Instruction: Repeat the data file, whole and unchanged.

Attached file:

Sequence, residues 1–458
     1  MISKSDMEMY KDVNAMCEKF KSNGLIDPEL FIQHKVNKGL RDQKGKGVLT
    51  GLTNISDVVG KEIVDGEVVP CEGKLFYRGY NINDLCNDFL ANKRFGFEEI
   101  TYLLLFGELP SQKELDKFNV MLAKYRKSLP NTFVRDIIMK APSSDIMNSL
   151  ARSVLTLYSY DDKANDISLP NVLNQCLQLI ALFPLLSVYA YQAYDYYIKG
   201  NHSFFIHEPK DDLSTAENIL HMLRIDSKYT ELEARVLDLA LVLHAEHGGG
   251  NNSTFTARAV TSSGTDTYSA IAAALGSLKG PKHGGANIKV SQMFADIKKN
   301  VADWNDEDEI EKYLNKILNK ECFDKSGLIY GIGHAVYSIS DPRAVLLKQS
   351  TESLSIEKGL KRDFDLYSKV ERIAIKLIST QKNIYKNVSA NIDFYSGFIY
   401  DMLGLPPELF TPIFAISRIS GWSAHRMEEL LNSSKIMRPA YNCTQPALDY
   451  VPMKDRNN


Sequence, residues 1–458
     1  MISKSDMEMY KDVNAMCEKF KSNGLIDPEL FIQHKVNKGL RDQKGKGVLT
    51  GLTNISDVVG KEIVDGEVVP CEGKLFYRGY NINDLCNDFL ANKRFGFEEI
   101  TYLLLFGELP SQKELDKFNV MLAKYRKSLP NTFVRDIIMK APSSDIMNSL
   151  ARSVLTLYSY DDKANDISLP NVLNQCLQLI ALFPLLSVYA YQAYDYYIKG
   201  NHSFFIHEPK DDLSTAENIL HMLRIDSKYT ELEARVLDLA LVLHAEHGGG
   251  NNSTFTARAV TSSGTDTYSA IAAALGSLKG PKHGGANIKV SQMFADIKKN
   301  VADWNDEDEI EKYLNKILNK ECFDKSGLIY GIGHAVYSIS DPRAVLLKQS
   351  TESLSIEKGL KRDFDLYSKV ERIAIKLIST QKNIYKNVSA NIDFYSGFIY
   401  DMLGLPPELF TPIFAISRIS GWSAHRMEEL LNSSKIMRPA YNCTQPALDY
   451  VPMKDRNN